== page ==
Martial Champion


ABOUTMartial Champion is a 2D fighting game by Konami released in February 1993. Following Konami's pioneer fighting game Yie Ar Kung Fu, and Galactic Warriors, Martial Champion was Konami's third fighting game and first release following Capcom's smash arcade hit, Street Fighter II: World Warrior. Needless to say, Martial Champion takes heavy cues and inspiration from SF2, with fighters from around the world entering a tournament to decide who's the best fighter.

Martial Champion's character select screen.

Martial Champion features 10 selectable fighters each one hailing from a different country. After the player defeats all 10 opponents in Tournament Mode (including a clone of their character), they battle against the final boss. The control scheme takes inspiration from both Yie Ar Kung Fu and Street Fighter II, which characters able to perform low, middle, or high attacks. The various attacks are assigned to single button presses without having to holding the arcade stick in a particular "direction" like SF2. Martial Champion also includes a "high jump" mechanic, which would later become a standard in many future 2D fighting games.

Where have I seen these characters before? Hmmm.

FUN FACT: In the localized worldwide versions, Chaos and Titi have their names switched (not unlike the bosses of Street Fighter II). This was likely done to avoid associations with the word "titty", with Chaos being a Chinese vampire and Titi being an Egyptian princess.

Putting on a show for President Bill Clinton.

Following the original Arcade release, Martial Champion was ported to the PC Engine as a Super CD-ROM² release exclusively in Japan. (This version was later re-released for the Wii Virtual Console in Japan in May 2008.) In the PC version, the 2D character sprites and backgrounds appear smaller than the arcade version. The backgrounds also became still images, losing their animations and foreground objects as well. The intro and outro also differ from the Arcade version.

Racheal with the fan service.


Page Updated: May 12th, 2021
Developer(s): Konami
Publisher(s): Konami
Platform(s): Arcade, PC, TurboGrafx CD, Wii Virtual Console
Release Date(s): Feb. 10th, 1993           Arcade
Dec. 17th, 1993             PC
May 2008                          Wii Virtual Console
Characters Avu, Bobby, Chaos, Golder, Hoi, Jin, Mahamba, Rachael, Titi, Zen, Salamander

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Related Games: Street Fighter 2, SF2: Champion Edition, SF2: Turbo, Super SF2, Super SF2 Turbo, Street Fighter, Art of Fighting, World Heroes, Fighter's History, Fatal Fury, Fatal Fury 2, Mortal Kombat, Teenage Mutant Ninja Turtles: Tournament Fighters, Martial Masters, Yie Ar Kung Fu, Kaiser Knuckle, Global Champion, Power Instinct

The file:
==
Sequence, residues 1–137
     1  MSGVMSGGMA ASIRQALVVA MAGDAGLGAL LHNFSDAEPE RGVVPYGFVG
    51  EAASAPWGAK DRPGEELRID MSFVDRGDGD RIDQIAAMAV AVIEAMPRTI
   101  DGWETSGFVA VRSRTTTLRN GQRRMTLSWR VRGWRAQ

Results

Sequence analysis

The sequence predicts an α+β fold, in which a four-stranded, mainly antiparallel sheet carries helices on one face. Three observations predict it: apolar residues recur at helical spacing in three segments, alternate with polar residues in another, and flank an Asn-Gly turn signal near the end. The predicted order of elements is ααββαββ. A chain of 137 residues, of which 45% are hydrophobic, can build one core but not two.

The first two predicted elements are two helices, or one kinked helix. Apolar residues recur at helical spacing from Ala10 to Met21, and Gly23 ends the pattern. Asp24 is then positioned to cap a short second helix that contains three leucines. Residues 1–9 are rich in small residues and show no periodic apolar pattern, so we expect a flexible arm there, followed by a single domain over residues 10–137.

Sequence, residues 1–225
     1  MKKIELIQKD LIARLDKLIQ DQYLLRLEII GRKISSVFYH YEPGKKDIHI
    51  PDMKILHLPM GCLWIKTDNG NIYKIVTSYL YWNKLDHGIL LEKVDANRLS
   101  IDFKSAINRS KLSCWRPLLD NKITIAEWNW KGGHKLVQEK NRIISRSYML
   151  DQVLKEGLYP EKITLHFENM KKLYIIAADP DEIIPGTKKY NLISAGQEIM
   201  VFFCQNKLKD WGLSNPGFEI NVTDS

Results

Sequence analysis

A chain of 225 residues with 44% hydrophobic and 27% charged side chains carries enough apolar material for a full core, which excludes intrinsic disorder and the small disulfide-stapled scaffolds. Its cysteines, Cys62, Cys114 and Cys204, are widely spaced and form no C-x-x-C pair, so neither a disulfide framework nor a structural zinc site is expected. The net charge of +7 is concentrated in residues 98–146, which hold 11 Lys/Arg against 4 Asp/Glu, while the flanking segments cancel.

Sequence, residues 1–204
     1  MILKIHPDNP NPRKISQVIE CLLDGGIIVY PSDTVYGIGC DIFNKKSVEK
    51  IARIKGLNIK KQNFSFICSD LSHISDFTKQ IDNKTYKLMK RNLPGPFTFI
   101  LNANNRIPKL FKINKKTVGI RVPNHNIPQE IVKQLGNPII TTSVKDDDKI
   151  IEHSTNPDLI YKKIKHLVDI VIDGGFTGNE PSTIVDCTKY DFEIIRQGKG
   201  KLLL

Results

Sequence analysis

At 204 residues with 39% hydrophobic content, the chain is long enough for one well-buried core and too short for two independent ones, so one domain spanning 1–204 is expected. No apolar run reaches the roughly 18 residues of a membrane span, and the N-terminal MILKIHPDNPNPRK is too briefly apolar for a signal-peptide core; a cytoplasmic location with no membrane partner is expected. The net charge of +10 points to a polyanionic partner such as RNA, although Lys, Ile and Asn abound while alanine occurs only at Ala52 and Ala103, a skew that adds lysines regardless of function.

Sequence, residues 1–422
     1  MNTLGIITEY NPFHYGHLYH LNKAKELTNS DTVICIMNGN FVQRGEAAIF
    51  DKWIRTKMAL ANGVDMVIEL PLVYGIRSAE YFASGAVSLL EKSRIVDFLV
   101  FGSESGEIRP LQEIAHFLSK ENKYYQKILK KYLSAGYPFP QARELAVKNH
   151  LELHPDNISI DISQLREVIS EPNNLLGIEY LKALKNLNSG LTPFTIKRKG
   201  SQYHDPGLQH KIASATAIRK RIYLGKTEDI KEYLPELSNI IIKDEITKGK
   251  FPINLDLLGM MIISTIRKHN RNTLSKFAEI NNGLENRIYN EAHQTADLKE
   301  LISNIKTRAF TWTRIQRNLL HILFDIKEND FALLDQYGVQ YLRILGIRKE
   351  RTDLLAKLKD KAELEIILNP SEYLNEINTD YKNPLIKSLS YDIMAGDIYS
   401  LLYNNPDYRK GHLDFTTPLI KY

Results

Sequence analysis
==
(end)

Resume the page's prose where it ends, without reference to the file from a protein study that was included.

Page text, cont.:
Gameplay Engine  3.5 / 10
Story / Theme  2.5 / 10
Overall Graphics  4.0 / 10
Animation  3.5 / 10
Music / Sound Effects  3.5 / 10
Innovation  2.0 / 10
Art Direction  4.0 / 10
Customization  3.0 / 10
Intro / Presentation  2.5 / 10
Replayability / Fun  2.5 / 10
"Ouch" Factor  2.0 / 10
Characters  3.0 / 10

 4.0 / 10

 Review based on Arcade  version     


Final Words:

In 1993, it's almost hard to imagine Martial Champion bumping elbows with games like Mortal Kombat 2, Street Fighter 2: Hyper Fighting, and Samurai Shodown... just to name a few. While Konami had its foot in the door with the ultra influential early fighting game, Yie Ar Kung Fu... it's safe to say that Martial Champion was a bit "late to the party" as a mid 90's fighting game.

Though seeming a bit "cut & paste" from the likes of SF2, Martial Champion has the core gameplay mechanics of a 2D fighter and is, at the least, playable. The game certainly looks and plays clunkier than most fighting games of the time period. The "zoomed in" camera and pastel colors of the game were pretty visually unappealing, in my opinion.

I personally never encountered Martial Champion in all my treks to many arcades in the 90's (or I simply overlooked it). It was an obscure 2D fighting game in North America, that's for sure! The large 2D character sprites might be the game's most appealing aspect, and to its credit, might've outshined the graphics of some comparable console fighting games at the time on SNES and Sega Genesis. However, the character designs themselves, and literally everything else about the game, is pretty forgettable and lackluster compared to the best the fighting genre had to offer in 1993 (and shortly after).
~TFG Webmaster | @Fighters_Gen

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